Defendant’s first assignment of error is based on the contention that his in-court identification by the witness Rohrer was tainted by a pretrial photographic identification. He argues that the findings and conclusions of the trial judge to the contrary are erroneous and that his motion to suppress the in-court identification should have been allowed.
In Simmons v. United States, 390 U.S. 377, 19 L. Ed. 2d 1247, 88 S.Ct. 967 (1968), identification by photograph was expressly approved and the Court held that “each case must be considered on its own facts, and that convictions based on eyewitness identification at trial following a pretrial identification by photograph will be set aside on that ground only if the photographic identification procedure was so impermissibly suggestive as to give rise to a very substantial likelihood of irreparable misidentification.”
 The test laid down in Simmons has been applied by this Court in many cases, including State v. Accor and Moore, 277 N.C. 65, 175 S.E. 2d 583 (1970) ; State v. Jacobs, 277 N.C. 151, 176 S.E. 2d 744 (1970) ; State v. Hatcher, 277 N.C. 380, 177 S.E. 2d 892 (1970), and State v. McPherson, 276 N.C. 482, 172 S.E. 2d 50 (1970). When applied to the facts in this case, there is small chance that the photographs viewed by the witness Rohrer led to misidentification of defendant. The record shows that the witness viewed eight, ten or twelve pictures from which he recognized the face of the defendant. Prior to the robbery the witness had seen the defendant a number of times on the lawn of a home across the street from the site of the robbery. Defendant had been' in the Little General Store five to ten times making purchases and had been observed by the witness on those occasions. The witness told investigating officers that he knew defendant but did not know his name. Defendant himself testified at the trial: “Yes, I knew Mr. Rohrer but not by name. I did not know his name until the hearing. Yes, Mr. Rohrer waited on me when I went in the store.” There is nothing in the record to support the contention that imper-*481missibly suggestive procedures were employed by the officers when the photographs were exhibited to the witness. Therefore, had the in-court identification been based on the pretrial photographic identification, it would have been competent anyway.
 The trial judge found as a fact on voir dire, however, that the State had established by clear and convincing proof that the in-court identification of defendant by the witness Rohrer was independent in origin, based on observations made by the witness at the scene of the robbery and on his previous observations of defendant. The evidence overwhelmingly supports this finding. “Such findings of fact, so made by the trial judge, are conclusive if they are supported by competent evidence in the record.” State v. Gray, 268 N.C. 69, 150 S.E. 2d 1 (1966); State v. Blackwell, 276 N.C. 714, 174 S.E. 2d 534 (1970); State v. McVay and Simmons, 277 N.C. 410, 177 S.E. 2d 874 (1970); State v. Harris, 279 N.C. 307, 182 S.E. 2d 364 (1971). We hold that defendant’s motion to suppress the in-court identification was properly denied and the evidence properly admitted.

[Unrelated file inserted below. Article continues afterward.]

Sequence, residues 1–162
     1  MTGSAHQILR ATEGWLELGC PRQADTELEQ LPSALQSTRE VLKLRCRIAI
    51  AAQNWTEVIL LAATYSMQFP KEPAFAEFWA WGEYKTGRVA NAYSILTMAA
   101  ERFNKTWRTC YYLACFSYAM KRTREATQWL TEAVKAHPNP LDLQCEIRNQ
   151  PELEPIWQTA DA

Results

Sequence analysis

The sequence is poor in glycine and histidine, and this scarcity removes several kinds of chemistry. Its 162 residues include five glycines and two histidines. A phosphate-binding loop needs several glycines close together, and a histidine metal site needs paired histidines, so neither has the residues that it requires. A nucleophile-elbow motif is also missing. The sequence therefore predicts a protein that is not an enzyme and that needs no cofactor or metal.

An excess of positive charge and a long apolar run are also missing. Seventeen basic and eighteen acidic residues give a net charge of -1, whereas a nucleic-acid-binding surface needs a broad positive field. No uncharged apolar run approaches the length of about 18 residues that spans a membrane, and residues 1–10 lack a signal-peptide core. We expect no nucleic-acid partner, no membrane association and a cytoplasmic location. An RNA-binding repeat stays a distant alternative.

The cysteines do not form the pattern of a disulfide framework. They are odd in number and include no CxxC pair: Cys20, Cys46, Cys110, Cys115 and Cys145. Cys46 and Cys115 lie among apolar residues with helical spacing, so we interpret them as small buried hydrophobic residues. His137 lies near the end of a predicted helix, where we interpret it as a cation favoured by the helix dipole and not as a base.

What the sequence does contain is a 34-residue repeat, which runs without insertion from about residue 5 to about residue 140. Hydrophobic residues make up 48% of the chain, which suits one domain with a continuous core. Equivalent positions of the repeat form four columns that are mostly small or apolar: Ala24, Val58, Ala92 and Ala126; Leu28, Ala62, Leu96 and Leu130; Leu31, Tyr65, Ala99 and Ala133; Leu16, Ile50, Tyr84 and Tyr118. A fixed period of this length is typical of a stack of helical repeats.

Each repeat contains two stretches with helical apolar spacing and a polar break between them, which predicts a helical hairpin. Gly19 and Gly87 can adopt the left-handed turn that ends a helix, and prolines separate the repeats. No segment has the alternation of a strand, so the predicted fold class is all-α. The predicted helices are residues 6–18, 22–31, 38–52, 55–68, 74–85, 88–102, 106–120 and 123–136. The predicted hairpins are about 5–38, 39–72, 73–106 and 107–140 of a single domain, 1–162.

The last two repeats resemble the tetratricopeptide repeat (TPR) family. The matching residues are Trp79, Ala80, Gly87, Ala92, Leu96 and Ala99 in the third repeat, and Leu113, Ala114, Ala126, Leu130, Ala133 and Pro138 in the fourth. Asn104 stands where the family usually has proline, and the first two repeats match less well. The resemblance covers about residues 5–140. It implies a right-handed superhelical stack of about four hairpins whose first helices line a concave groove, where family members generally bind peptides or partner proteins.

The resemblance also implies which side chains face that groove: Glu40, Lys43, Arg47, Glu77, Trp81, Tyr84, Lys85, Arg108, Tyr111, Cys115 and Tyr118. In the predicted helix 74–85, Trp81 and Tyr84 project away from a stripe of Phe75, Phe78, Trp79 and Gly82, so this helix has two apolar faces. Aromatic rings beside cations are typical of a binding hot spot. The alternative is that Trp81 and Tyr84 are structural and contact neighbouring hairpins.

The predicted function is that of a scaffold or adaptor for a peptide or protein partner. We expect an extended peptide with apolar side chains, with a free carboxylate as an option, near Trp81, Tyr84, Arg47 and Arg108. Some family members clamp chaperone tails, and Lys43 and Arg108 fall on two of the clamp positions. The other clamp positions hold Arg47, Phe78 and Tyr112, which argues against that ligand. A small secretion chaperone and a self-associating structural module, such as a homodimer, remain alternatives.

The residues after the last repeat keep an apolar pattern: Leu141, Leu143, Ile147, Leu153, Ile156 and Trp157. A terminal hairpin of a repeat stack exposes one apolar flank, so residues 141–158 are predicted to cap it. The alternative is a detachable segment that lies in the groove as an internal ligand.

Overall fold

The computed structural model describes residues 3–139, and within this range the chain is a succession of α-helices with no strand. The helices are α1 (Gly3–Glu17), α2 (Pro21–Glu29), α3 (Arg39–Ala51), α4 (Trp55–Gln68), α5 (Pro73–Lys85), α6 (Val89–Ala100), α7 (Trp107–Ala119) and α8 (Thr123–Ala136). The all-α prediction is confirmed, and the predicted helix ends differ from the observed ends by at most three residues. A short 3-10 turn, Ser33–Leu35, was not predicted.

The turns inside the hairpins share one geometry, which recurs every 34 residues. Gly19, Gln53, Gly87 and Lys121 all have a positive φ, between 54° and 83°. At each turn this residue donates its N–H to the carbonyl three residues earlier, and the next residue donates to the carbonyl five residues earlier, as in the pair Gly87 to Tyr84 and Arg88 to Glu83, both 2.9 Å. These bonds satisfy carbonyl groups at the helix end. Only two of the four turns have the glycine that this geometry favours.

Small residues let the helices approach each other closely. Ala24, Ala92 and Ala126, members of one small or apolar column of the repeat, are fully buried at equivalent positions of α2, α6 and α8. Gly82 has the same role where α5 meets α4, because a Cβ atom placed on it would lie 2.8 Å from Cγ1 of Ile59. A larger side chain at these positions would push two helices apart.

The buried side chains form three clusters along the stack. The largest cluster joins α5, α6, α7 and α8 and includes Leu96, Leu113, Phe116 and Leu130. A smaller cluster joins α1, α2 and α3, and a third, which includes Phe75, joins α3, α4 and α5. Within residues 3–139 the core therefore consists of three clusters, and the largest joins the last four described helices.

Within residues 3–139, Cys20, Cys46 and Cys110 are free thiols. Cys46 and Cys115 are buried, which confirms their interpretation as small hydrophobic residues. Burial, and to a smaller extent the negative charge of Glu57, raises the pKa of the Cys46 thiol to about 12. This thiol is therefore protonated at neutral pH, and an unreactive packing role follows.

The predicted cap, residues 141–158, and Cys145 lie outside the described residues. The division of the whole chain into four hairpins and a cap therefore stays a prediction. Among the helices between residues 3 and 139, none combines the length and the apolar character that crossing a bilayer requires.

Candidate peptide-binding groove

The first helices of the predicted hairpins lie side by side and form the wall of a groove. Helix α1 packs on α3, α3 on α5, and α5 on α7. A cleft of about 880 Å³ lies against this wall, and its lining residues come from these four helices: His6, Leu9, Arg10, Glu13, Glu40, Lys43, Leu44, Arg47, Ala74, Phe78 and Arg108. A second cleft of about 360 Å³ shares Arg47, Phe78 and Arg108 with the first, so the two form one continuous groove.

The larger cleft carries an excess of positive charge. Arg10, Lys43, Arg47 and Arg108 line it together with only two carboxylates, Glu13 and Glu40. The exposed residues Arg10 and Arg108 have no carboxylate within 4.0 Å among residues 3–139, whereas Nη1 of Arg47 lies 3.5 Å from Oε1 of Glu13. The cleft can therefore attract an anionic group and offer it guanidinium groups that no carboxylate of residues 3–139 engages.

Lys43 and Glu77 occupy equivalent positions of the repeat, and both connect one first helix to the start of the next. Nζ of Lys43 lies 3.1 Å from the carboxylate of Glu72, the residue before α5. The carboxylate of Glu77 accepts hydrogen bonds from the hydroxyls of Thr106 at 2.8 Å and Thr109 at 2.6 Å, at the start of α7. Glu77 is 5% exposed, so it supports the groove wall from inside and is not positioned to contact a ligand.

Defendant assigns as error the denial of his motion for nonsuit at the close of all the evidence. Such motion draws into question the sufficiency of all of the evidence to go to the jury, and the evidence must be considered in the light most favorable to the State and the State is entitled to every reasonable inference to be drawn therefrom. State v. Primes, 275 N.C. 61, 165 S.E. 2d 225 (1969). “Only the evidence favorable to the State will be considered, and the evidence relating to matters of defense or the defendant’s evidence in conflict with that of the State will not be considered.” State v. Vincent, 278 N.C. 63, 178 S.E. 2d 608 (1971), and cases cited. Applying this well-established rule, there was ample evidence to require its submission to the jury and to support a verdict of guilty as charged. State v. McWilliams, 277 N.C. 680, 178 S.E. 2d 476 (1971). Defendant’s motion for nonsuit was properly denied.
Prejudicial error does not appear, and the verdict and judgment must therefore be upheld.